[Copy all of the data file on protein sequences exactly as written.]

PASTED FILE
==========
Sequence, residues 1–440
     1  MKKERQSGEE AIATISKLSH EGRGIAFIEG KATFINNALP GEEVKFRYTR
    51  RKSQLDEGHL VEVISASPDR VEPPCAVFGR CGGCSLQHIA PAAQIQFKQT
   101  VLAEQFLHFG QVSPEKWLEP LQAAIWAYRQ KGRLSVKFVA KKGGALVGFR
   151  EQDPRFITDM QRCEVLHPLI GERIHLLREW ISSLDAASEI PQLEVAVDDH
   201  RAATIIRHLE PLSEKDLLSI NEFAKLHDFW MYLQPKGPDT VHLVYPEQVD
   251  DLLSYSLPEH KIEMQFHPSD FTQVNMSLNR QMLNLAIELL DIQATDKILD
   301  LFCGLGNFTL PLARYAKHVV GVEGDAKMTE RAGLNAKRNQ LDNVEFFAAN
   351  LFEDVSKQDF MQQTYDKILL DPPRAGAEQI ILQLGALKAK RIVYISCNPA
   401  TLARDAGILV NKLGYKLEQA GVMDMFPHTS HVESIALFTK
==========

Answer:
Sequence, residues 1–440
     1  MKKERQSGEE AIATISKLSH EGRGIAFIEG KATFINNALP GEEVKFRYTR
    51  RKSQLDEGHL VEVISASPDR VEPPCAVFGR CGGCSLQHIA PAAQIQFKQT
   101  VLAEQFLHFG QVSPEKWLEP LQAAIWAYRQ KGRLSVKFVA KKGGALVGFR
   151  EQDPRFITDM QRCEVLHPLI GERIHLLREW ISSLDAASEI PQLEVAVDDH
   201  RAATIIRHLE PLSEKDLLSI NEFAKLHDFW MYLQPKGPDT VHLVYPEQVD
   251  DLLSYSLPEH KIEMQFHPSD FTQVNMSLNR QMLNLAIELL DIQATDKILD
   301  LFCGLGNFTL PLARYAKHVV GVEGDAKMTE RAGLNAKRNQ LDNVEFFAAN
   351  LFEDVSKQDF MQQTYDKILL DPPRAGAEQI ILQLGALKAK RIVYISCNPA
   401  TLARDAGILV NKLGYKLEQA GVMDMFPHTS HVESIALFTK